Drought-Driven Food Costs May Damp Consumer Sentiment
September 5, 2012
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Due to the severe drought that has affected the Midwest, food costs are expected to rise for the next nine months.
The drought, which is the worst in decades, has already destroyed more than half of the United States’ corn crop. The U.S. Department of Agriculture has already declared 1,600 counties in 32 states as natural disaster areas, after the drought has affected millions of acres of pastures and croplands.
According to the World Bank, global food prices have already jumped 10 percent from June to July, and the price of corn and wheat has already risen by 25 percent. While the drought is not only dire for the farmers, increased prices on corn, wheat and soybeans also mean that the budgets of American citizens will be pushed to their limits.
While the World Bank does not believe that people will riot as they did in 2008 when food prices spiked, it does not mean that citizens will not be struggling.
According to Michael Feroli, chief U.S. economist at JP Morgan Chase & Co., disposable incomes may be trimmed by 0.3 percent. Since the consumer sentiment has still not returned to pre-recession level, consumers are not going to take this news well.
There has already been a 13 percent increase in gasoline prices, and the next item to rise is going to be food prices.
Despite the fact that these increases will not affect total inflation levels, fuel and food prices account for approximately 24 percent of the consumer-price index, according to the Labor Department.
This is because unlike other products that the consumer buys less frequently, citizens make regular stops at the grocery store and gas stations.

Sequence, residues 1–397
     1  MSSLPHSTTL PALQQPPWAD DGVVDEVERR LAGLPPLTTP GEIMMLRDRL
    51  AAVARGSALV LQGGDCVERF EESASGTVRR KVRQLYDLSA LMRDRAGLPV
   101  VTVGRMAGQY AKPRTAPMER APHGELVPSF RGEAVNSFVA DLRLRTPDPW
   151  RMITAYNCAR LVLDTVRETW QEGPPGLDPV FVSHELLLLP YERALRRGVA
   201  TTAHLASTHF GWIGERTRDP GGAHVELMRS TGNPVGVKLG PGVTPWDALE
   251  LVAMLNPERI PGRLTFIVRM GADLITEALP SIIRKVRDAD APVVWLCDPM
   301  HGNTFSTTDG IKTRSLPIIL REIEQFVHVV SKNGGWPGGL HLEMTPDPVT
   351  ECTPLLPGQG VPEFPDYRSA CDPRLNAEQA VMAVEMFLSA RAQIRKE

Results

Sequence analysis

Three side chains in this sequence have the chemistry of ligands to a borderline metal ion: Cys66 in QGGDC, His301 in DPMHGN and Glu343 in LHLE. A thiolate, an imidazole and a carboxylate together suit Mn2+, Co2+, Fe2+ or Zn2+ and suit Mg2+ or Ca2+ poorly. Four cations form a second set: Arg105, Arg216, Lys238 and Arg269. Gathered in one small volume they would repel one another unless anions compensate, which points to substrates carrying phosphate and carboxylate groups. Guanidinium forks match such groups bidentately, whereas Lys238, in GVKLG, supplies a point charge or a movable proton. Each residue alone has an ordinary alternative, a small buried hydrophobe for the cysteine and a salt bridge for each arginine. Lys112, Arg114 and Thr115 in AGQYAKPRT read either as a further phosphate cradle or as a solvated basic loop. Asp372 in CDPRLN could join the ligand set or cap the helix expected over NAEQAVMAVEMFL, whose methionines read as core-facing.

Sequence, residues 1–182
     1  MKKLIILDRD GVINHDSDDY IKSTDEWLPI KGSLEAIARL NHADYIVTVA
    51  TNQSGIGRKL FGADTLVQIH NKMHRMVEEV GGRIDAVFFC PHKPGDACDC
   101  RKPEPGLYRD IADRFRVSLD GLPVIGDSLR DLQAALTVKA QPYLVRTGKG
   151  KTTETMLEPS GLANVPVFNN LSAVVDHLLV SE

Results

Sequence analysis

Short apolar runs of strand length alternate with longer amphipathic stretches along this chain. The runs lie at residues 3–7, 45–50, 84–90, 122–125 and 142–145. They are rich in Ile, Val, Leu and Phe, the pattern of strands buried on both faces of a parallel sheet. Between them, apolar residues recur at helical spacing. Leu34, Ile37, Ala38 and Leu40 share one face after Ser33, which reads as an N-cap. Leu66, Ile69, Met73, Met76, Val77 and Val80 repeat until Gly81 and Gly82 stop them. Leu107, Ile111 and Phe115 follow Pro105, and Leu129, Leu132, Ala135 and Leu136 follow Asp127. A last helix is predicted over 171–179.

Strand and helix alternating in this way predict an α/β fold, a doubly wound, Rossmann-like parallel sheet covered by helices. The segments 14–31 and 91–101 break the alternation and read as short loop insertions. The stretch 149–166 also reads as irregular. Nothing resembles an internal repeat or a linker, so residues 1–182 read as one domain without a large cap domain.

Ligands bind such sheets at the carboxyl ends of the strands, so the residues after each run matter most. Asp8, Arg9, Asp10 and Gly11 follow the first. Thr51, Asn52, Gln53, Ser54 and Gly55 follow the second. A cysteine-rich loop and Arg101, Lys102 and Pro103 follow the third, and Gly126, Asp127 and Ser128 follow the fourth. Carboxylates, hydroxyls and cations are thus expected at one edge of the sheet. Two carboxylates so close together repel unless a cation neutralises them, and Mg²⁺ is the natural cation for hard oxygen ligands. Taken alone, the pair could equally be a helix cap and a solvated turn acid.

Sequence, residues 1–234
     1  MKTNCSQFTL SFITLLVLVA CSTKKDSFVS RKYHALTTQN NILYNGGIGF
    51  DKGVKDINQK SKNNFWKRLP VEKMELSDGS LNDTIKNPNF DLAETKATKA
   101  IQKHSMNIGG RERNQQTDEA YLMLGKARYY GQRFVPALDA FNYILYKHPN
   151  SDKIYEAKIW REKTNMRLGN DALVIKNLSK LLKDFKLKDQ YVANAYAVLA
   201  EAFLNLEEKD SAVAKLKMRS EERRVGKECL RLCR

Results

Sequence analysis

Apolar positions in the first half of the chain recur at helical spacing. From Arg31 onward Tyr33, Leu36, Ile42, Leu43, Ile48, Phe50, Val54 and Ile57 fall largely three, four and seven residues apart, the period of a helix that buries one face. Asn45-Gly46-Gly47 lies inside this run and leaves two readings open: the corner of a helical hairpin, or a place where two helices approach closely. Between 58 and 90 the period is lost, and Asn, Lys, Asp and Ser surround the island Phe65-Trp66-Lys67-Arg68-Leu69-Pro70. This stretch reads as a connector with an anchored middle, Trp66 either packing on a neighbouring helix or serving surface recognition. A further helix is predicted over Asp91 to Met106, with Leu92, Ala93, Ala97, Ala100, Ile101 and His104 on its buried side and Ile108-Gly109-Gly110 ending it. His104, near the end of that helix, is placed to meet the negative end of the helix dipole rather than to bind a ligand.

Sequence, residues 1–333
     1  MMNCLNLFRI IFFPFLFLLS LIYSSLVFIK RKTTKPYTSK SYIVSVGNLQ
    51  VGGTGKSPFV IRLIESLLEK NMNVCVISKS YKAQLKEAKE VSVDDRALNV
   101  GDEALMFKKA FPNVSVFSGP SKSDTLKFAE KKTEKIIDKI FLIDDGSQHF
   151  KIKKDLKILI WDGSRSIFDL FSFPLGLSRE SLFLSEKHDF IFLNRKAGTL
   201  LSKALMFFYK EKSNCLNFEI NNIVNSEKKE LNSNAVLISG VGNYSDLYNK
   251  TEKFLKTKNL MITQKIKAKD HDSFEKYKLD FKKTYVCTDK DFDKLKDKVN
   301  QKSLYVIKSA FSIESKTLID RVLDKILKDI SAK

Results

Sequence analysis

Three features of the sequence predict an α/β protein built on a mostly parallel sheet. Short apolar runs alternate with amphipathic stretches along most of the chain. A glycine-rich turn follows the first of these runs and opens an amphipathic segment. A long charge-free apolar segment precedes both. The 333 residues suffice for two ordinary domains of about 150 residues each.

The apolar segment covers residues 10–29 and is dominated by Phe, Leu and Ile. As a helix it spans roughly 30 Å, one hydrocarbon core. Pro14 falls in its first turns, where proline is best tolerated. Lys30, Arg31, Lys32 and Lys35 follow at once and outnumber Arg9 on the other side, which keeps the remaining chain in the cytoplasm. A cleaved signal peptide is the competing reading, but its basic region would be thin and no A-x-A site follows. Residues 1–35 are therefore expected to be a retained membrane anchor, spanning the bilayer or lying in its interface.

“Even though it may not have a big impact on headline inflation, it can affect inflationary expectations,” Feroli said.
In addition, The Bloomberg Consumer Comfort Index fell for the sixth straight week on Aug. 19, which shows that Americans have a negative outlook when it comes to their finances.
“Consumers don’t have a lot of cushion,” said Omair Sharif, a U.S. economist at RBS Securities Inc. in Stamford, Conn. Unemployment and weak job growth have left little prospect for higher wages, which will likely “stagnate,” he said.
While it is clear that harder times are ahead when it comes to trips to the grocery store, it is going to take awhile until the prices actually show up at the checkout. The agricultural commodities increases will not show up for a while because food companies buy raw materials months in advance. The increased food prices will be an extra expenditure for a while, but economists believe that not everything is going to be bad.
“Rising food prices are obviously something to keep an eye on, but they’re not likely to change the outlook on inflation or on growth,” said Kevin Cummins, an economist at UBS Securities LLC in Stamford, Conn. “The direct impact from higher food prices will be marginal.”
It is clear that economic times are hitting Americans hard, and any additional spending is added stress when it comes to making a budget.
According to Feroli, the impact on inflation will subside in the second half of next year unless there is another drought.
“I wouldn’t expect food inflation to persist.”
One hopes that the higher food prices will not be too much of a burden to American citizens and that next year there will be more rain to prevent another drought like this from occurring.